At least it is a fully defined set of operators if we just consider +, - and § without multiplication. It it is to be seen where we can go from there.

(08/17/2012, 03:18 PM)tommy1729 Wrote: [ -> ]7) you use § both as an operator and a sign.
that is valid for - but seems troublesome here.
Why not?

a§§b = ?? a§§§c = ?? ( see also above )[/quote]
Well, which possibility is coherent or how could we figure out which one is?

(08/17/2012, 03:18 PM)tommy1729 Wrote: [ -> ] what is §1^2 ?
Most probably it makes sense to define it as §1*§1 (whatever that is).

(08/17/2012, 03:18 PM)tommy1729 Wrote: [ -> ]9) what is 1/§x ??
Analogous to + and - it probably is §(1/x).

(08/17/2012, 03:18 PM)tommy1729 Wrote: [ -> ]10) what is log(§2) ??
Let's not start with such complicated notions. Even with log(-2) this question is not trivial at all.

(08/17/2012, 03:18 PM)tommy1729 Wrote: [ -> ]11) it is clear from the above that we cannot use taylor series and calculus without worries on these objects ... if they even exist.
I don't see how that is clear, given that many objections you give above apply to subtraction or exponentiation as well, or are simply open problems.
But I am not very knowledgable in that area, so I really don't know.

(08/17/2012, 03:18 PM)tommy1729 Wrote: [ -> ]since we do not have much properties to work with , the general objection is it is random without structure and thus might never solve anything WITH STRUCTURE because it doesnt have it itself.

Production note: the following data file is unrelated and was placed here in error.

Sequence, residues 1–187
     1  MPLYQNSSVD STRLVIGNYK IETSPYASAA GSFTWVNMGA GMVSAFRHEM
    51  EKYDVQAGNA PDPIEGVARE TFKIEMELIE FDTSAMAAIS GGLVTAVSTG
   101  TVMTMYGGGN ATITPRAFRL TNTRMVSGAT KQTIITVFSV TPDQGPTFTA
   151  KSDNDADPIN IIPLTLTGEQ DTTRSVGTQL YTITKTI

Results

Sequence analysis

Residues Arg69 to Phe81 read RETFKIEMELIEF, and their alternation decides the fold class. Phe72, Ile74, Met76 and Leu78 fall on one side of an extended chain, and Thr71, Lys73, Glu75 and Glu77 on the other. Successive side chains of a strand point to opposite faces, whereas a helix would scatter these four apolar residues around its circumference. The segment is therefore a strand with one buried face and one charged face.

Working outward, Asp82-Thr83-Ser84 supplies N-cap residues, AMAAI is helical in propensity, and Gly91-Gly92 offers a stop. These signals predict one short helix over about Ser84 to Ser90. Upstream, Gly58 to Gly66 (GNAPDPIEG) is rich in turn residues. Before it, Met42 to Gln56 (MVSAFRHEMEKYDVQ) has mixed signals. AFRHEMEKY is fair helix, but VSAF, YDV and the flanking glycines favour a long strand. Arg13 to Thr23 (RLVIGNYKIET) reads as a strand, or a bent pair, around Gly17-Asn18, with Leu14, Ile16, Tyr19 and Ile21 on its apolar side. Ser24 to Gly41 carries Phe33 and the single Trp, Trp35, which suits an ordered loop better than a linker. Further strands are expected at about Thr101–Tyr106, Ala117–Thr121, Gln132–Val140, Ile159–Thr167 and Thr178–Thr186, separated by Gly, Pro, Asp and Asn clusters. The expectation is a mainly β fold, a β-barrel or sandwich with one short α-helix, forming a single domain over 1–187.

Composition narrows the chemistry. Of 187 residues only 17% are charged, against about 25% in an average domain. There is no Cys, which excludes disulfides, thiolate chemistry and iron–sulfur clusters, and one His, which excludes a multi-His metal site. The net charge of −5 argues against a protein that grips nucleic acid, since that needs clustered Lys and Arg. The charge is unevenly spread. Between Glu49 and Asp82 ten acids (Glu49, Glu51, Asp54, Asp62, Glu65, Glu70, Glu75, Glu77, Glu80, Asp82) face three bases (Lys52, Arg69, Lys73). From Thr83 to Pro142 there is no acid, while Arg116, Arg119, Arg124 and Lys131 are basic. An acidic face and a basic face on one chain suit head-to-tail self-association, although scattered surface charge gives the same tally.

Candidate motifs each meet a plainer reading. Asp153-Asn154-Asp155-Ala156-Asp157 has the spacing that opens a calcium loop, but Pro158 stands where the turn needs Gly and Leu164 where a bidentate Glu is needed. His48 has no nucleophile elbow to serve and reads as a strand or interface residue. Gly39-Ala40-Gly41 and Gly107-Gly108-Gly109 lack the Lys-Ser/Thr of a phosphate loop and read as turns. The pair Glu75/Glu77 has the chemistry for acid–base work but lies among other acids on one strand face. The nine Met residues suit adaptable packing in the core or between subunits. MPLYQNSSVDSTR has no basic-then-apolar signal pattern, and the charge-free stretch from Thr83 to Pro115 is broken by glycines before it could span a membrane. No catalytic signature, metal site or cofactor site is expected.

This seems to be mainly prejudice (understandably so, given that the proposal is quite undeveloped yet). We don't disregard exponeniation or complex numbers just because some properties are missing. I don't see how it is random. For just + - and § everything seems to be clear, and beyond it seems to be unclear right now what the structure turns out to be, so we can't say it is "random".

(08/17/2012, 03:18 PM)tommy1729 Wrote: [ -> ]using special cases just seems to reduce to the reals and then we have jmsnx operator mentioned earlier which is as classic as can be.
Well, there are special cases of - or * which reduce to addition as well (like X-0=X+0) or (X*1=X+0 ). Nevertheless the operator is novel because not all cases can be reduced to + or - (or anything else).

ok.

although minus is not commutative , associative or distributive , its inverse + is !

this § does not have such an inverse. ( as an operator at least )

the issue is people will argue § is + or § is - , compare it to defining a number j , that also has j^2 = -1 but j =/= i or - i.

or k^2 = 1 with k not -1 or +1.

i hope you are familiar with zero-divisors and quaternions.

" tessarines " and analogues ( sometimes other names ) also cross my mind.

usually , these kind , they have matrix representations.

these mainly 18 and 19 th century ideas where popular in their days , and one of the key ideas is to define a " muliplication table for the units " , call it a group or so if you like.

this to stretch the importance of multiplication and the remark that some things CANNOT BE DERIVED , but MUST BE DEFINED.